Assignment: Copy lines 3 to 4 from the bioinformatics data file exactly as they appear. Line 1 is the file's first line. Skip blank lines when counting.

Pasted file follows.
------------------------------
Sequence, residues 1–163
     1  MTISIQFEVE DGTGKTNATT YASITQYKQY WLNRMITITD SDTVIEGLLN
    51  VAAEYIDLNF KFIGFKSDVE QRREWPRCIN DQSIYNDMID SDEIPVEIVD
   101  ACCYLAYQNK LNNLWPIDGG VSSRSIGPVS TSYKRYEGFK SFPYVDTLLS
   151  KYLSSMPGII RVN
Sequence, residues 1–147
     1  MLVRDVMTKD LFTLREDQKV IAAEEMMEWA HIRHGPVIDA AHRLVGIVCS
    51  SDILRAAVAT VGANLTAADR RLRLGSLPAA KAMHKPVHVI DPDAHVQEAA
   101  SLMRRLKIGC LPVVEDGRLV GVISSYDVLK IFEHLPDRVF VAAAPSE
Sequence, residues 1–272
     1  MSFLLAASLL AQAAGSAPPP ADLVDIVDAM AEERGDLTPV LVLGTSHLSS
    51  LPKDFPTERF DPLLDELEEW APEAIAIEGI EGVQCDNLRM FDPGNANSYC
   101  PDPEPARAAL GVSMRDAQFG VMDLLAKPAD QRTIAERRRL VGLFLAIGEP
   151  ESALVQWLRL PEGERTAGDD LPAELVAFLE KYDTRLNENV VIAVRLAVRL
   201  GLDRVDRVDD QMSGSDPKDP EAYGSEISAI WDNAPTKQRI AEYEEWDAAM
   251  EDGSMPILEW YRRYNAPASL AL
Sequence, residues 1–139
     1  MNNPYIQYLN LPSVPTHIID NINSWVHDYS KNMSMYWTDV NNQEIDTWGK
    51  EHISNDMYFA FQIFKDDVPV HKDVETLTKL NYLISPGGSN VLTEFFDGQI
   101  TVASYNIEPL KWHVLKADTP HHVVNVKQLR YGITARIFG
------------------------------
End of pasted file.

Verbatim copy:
    51  VAAEYIDLNF KFIGFKSDVE QRREWPRCIN DQSIYNDMID SDEIPVEIVD
   101  ACCYLAYQNK LNNLWPIDGG VSSRSIGPVS TSYKRYEGFK SFPYVDTLLS